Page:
The Institute for Economic and Research suggests the UK could hugely profit from regulating cannabis and make up to £900 million from tax.
But despite the economic gains, some British Asians are against it:
“No. I don’t think weed is good for you. Alcohol, you can measure it. Weed, you can’t. Every person that does have weed, like alcohol, it affects them in a certain way. Alcohol, you can control it better. Weed you can’t,” says Lucky.
Reportedly, the UK spends £361 million a year on ‘policing and treating users of illegally traded and consumed cannabis’.
As Kabir argues: “I think if it is legalised, it will take the taboo factor away. Also, I think by decriminalising it, it will make it far less valuable to smugglers.”
In many places around the world, cannabis is now legalised, such as Washington, Colorado, Peru, and Amsterdam.
Portugal in fact became the first country to legalise all drugs in 2001, channelling the money previously used to fund jail sentences into setting up more drug rehabilitation clinics. Drug use has reduced in Portugal since this policy – mostly with 15-24-year-olds, when drug use is most likely to begin.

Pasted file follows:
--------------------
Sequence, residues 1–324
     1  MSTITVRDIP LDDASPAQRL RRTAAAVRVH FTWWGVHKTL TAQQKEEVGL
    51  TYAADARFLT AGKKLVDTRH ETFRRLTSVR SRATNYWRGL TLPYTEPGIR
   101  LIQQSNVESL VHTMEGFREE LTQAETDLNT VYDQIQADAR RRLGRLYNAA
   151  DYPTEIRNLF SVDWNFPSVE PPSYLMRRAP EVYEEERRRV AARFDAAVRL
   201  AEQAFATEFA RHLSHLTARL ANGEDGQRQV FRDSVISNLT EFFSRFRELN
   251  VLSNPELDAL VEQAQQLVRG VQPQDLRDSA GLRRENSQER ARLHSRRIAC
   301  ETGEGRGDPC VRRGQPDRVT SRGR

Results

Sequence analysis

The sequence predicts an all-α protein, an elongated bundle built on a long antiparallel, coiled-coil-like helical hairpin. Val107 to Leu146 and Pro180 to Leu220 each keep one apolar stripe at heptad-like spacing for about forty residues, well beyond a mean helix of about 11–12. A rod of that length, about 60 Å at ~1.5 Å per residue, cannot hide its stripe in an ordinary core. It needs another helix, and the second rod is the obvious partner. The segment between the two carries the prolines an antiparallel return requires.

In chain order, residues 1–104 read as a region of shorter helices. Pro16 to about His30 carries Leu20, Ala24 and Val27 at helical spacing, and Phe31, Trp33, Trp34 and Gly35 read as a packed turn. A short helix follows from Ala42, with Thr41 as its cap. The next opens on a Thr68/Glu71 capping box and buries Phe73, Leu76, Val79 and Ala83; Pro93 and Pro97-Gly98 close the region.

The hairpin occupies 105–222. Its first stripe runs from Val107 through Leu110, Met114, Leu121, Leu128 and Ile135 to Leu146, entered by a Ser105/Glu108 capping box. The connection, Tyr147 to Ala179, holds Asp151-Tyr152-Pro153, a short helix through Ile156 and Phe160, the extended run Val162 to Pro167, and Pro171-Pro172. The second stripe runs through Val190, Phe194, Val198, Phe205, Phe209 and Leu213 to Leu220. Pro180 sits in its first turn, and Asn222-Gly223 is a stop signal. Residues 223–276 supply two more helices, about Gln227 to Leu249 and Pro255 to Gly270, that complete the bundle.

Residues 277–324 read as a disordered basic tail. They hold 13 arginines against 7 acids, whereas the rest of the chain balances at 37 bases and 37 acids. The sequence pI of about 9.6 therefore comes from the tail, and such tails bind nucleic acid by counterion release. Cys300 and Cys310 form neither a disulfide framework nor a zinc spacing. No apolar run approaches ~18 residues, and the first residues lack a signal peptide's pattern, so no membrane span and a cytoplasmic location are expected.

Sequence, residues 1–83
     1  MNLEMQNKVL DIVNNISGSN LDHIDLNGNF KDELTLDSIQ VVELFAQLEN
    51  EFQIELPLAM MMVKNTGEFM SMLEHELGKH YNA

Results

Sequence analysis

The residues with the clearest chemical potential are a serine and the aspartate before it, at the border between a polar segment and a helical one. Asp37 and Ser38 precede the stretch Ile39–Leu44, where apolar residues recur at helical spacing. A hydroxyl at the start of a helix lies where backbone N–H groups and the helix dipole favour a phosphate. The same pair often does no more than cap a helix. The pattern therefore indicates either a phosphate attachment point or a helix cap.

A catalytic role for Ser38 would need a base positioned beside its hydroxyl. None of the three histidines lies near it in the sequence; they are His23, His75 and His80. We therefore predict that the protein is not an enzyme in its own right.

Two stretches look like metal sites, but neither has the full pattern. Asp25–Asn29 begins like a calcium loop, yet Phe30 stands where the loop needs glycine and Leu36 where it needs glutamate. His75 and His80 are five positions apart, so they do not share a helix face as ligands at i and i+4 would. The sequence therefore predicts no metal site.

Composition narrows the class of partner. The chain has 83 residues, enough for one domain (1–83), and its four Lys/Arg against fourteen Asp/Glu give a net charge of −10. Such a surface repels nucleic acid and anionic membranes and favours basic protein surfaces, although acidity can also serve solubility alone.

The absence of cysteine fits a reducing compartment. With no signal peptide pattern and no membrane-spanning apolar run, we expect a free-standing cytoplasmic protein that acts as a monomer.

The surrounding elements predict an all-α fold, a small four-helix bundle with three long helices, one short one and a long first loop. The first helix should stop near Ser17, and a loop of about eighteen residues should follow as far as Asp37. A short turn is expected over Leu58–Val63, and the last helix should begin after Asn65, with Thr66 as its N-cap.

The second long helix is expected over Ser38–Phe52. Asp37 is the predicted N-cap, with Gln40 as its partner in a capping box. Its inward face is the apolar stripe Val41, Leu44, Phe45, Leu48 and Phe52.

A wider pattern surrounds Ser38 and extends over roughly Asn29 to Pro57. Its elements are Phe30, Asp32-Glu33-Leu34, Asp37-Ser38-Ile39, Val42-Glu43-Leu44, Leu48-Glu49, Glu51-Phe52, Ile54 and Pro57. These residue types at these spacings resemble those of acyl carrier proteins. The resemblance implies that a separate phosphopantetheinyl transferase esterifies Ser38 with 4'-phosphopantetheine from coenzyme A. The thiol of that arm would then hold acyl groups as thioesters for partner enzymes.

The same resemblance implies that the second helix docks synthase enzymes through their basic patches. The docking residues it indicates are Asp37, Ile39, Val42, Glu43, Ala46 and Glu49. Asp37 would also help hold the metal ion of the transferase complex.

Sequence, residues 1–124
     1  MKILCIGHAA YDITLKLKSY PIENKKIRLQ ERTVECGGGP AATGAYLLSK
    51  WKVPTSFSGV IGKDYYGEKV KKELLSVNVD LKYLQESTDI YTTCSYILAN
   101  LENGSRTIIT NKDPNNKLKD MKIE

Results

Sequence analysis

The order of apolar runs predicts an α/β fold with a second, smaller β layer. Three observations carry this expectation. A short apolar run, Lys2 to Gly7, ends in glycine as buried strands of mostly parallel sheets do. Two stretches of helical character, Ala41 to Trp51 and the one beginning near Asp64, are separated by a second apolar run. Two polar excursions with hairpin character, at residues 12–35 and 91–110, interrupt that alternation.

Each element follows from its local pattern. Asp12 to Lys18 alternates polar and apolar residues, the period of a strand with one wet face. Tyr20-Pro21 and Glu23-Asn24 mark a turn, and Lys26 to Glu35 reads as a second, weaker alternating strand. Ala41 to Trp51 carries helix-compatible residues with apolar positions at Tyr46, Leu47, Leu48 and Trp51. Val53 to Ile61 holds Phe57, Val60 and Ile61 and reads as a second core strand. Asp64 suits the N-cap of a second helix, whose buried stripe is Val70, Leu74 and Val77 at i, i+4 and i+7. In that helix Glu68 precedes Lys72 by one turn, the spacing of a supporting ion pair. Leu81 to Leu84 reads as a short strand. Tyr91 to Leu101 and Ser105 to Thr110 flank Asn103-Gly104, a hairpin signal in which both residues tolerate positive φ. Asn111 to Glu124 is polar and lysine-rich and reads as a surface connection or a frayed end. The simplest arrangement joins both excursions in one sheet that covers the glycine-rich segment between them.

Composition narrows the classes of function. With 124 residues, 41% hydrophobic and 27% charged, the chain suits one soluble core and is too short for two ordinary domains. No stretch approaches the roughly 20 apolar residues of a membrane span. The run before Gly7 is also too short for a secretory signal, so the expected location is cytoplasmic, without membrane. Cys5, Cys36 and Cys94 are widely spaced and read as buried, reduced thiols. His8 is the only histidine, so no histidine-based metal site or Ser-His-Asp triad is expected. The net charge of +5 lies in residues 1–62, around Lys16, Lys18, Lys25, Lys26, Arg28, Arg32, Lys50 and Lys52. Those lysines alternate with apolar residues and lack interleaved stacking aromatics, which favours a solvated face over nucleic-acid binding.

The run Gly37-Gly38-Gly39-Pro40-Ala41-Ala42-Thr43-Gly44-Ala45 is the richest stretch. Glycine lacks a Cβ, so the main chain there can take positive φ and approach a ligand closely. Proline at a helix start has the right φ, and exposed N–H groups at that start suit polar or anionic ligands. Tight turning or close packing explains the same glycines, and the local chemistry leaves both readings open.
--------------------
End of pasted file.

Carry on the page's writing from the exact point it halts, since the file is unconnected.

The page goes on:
Some scientists warn however that this is an isolated case, and Portugal’s example may not be one that other countries can follow.
Yet others wonder if drug legalisation and a national health programme for treating addiction could be a better way of combating the startling amounts of people using drugs like cannabis every year.
But whether the UK decides to change its policy on drugs or not, it is clear that the popularity of weed won’t be dying out anytime soon, particularly among British Asians.